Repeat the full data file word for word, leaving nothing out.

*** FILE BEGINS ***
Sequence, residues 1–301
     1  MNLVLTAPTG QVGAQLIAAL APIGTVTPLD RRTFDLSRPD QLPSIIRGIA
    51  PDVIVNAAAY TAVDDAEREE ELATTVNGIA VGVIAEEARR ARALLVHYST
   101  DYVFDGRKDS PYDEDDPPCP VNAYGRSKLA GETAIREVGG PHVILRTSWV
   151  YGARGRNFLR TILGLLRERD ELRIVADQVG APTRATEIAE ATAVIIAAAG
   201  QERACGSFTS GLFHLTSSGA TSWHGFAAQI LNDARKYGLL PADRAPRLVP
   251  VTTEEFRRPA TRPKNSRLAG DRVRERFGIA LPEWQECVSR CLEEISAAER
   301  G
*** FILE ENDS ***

Sequence, residues 1–301
     1  MNLVLTAPTG QVGAQLIAAL APIGTVTPLD RRTFDLSRPD QLPSIIRGIA
    51  PDVIVNAAAY TAVDDAEREE ELATTVNGIA VGVIAEEARR ARALLVHYST
   101  DYVFDGRKDS PYDEDDPPCP VNAYGRSKLA GETAIREVGG PHVILRTSWV
   151  YGARGRNFLR TILGLLRERD ELRIVADQVG APTRATEIAE ATAVIIAAAG
   201  QERACGSFTS GLFHLTSSGA TSWHGFAAQI LNDARKYGLL PADRAPRLVP
   251  VTTEEFRRPA TRPKNSRLAG DRVRERFGIA LPEWQECVSR CLEEISAAER
   301  G